"We Are The World's Premier Fun Band"

Melody Maker
by Mark Beaumont
June 7-June 13, 2000

We travel to Oregon to see how Bohemian The Dandy Warhols are – and find them shooting guns and visiting the ‘Enchanted Forest’…

Ten-four, ten-four. Hostage situation in progress in a large warehouse building two miles east of Portland, Oregon.
Caucasian male, six-two, 150 pounds, black suit and shades, armed and dangerous, has captured a woman, mid-30’s, Eighties perm, dressed like “Dynasty” extra. Target is using hostage as a human shield and she is clearly in extreme duress. Snap-shooting skills required. Proceed with extreme caution; repeat, extreme caution.
Courtney Taylor is first on the scene. He eyes the perp, backing away behind the woman 30ft away. Ina flash, he calculates range, angles, distance to target. He turns his Glock handgun in his hands, lines up that life-or-death shot and - blam! - puts a bullet right between the hostage’s eyes.
“The Glock is the cheapest gun,” he grins, placing it back amid the minor arsenal of loaded firearms arranged before him and taking a snub-nosed pistol, “a real gang-banger. But I prefer the Smith & Wesson 9mm. I think they’re the best gun makers. Their guns feel like the most perfect machinery.”
Blam-blam-blam-blam-blam-blam! Clip emptied into the woman’s chest, Courtney drops the steaming metal and selects a .45 magnum. “Hey,” he says, handing it to The Maker. “You gotta shoot this one. This can shoot through schools.”
God bless America. The only country in the world where a thoroughly pissed music journalist can enter a firing range and be handed some of the most powerful handguns in the world and told to “Go for your life”. Still, c’mon, Earl, let’s go bag us a hostage. Blam! Hahaha!
Ahem. Visit famed rock psychedelicists The Dandy Warhols in their West Coast hometown of Portland and you expect them to be slumped in a beanbag rolling blunts, not strutting through a warehouse packing heat. We came to Dandyland to see out 13 tales of urban bohemia (in honour of their magnificent new album of that name), but on a Wednesday night at the out-of-town Shoot Club they’re armed and they’re angry. See, they feel they’ve been misrepresented, landed with an image of being saucer-eyeballed drug Hoovers draped naked atop a writhing pile of supermodels. When, in reality, they’re just four hometown bohemians who like a bit of a smoke, a snort and a fiddle and all that, but are practically Cliff-esque in relation to some bands they won’t name.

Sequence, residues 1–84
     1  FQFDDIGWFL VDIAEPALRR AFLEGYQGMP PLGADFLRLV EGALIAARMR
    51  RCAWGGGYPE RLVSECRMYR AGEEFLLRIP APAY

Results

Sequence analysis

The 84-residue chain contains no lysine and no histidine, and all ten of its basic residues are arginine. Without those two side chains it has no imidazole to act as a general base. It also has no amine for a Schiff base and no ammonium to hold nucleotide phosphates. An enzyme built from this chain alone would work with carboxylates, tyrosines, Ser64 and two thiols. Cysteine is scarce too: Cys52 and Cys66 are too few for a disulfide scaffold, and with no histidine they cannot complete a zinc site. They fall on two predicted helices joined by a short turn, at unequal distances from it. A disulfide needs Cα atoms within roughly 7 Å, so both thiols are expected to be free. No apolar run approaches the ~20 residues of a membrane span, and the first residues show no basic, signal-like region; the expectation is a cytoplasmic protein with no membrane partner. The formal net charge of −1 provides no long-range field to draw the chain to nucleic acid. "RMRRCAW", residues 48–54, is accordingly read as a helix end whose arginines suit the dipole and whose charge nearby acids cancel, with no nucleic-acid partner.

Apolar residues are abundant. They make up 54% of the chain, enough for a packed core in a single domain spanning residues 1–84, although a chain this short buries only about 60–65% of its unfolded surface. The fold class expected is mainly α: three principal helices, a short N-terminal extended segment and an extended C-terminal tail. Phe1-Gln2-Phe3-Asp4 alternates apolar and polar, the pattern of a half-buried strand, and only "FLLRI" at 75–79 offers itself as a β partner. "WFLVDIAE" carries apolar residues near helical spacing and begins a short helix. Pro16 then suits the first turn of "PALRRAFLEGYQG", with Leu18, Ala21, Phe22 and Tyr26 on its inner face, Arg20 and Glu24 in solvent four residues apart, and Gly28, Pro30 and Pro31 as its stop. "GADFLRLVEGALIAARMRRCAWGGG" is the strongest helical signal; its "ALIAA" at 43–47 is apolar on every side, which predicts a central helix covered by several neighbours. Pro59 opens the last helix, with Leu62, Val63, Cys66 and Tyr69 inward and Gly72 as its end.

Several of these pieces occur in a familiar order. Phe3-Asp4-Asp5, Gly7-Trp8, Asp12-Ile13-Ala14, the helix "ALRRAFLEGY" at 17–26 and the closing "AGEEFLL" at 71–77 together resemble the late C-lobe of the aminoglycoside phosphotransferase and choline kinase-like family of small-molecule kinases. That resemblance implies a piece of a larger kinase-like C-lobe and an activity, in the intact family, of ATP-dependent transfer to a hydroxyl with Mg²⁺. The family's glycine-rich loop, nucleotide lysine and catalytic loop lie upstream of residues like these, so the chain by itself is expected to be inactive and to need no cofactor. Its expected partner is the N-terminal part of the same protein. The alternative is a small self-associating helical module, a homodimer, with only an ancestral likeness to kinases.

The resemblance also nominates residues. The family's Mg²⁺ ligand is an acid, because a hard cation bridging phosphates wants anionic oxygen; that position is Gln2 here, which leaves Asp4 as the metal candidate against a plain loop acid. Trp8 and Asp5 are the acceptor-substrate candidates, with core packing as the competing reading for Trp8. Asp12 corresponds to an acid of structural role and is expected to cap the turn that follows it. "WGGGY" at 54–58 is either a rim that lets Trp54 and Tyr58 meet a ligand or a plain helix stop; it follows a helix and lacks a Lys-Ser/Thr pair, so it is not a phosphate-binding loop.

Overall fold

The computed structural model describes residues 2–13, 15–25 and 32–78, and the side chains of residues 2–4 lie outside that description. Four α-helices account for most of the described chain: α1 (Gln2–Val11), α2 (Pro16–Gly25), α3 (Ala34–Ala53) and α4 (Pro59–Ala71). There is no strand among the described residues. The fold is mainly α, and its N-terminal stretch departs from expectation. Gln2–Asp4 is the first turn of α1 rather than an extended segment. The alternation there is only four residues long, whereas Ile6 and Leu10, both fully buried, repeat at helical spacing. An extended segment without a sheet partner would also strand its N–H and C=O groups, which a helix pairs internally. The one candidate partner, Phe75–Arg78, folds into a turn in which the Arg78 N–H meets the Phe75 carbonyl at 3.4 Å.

“We’ve been on tour with bands,” singer Courtney recalls, “where we’ve been going, ‘Hey, aren’t you guys going to get some rest? You’ve been up all night.’ And they go ‘Fuck that! We’ve still got an ounce of coke left!”
Are you trying to tell us that you’re one of rock’s calmer bands?
“Definitely,” nods guitarist Peer Holmstrom. “We’ve toured with bands that are way out compared to us.”
So let it be with large and ne’er mentioned hence. The Dandy Warhols take drugs. The Dandy Warhols have filthy sex. The Dandy Warhols Get naked in public. Got it? Right, now we can delve further into this heart of brightness. Because The Dandy Warhols bracket their salacious sex’n’drugs’n’nudity antics under the heading “fun”, along with shooting guns, eating steak, conversing intelligently and frolicking through the Enchanted Forest. They’re addicted to nothing but The Good Times. Hop on board the Hometown Mystery Tour. It’s the ride of a lifetime.

“We have a ghost.”
Zia McCabe – crunches ice on her front porch, one leg flung over the banister, one eye on the police patrol team investigating a suspected break-in across the street. Courtney and Peter not stoned affirmation.
“He’s called Mr. Cross. He turns on the heat or the fans or turns on different lights, and all the windows would be closed. Supposedly he built this house and he was all into all kinds of mojo, like eating cockroaches and stuff. We’ve made friends, I think.”
Have you ever seen him?
“No. But one time I was trying to learn how to astral-project. And I left my body and I flew up to the ceiling and I started flying out of my bedroom, but then I thought, ‘He’ll be out there! What if he looks really dead?’ After that, I haven’t tried to leave my body because there’s another person without a body living here. I wanted to fly around by myself. I didn’t want company.”
Zia lives in the closest the Portland has to a ‘hood, the north-east quarter, amid burnt-out houses and mixed-race homesteads. In a former life, her house was an illegal drinking hole (“Some guy got shot in the front lawn once”), but now Zia owns it, rents rooms in true rock’n’roll landlady style and sunbathes naked on her bedroom balcony each morning in full view of five cats and one disembodied spirit. Her basement – with mammoth television, drapes and sofas – looks like the worlds largest pot den, and is Portland in microcosm. Could any other US city have produced the Dandy Warhols?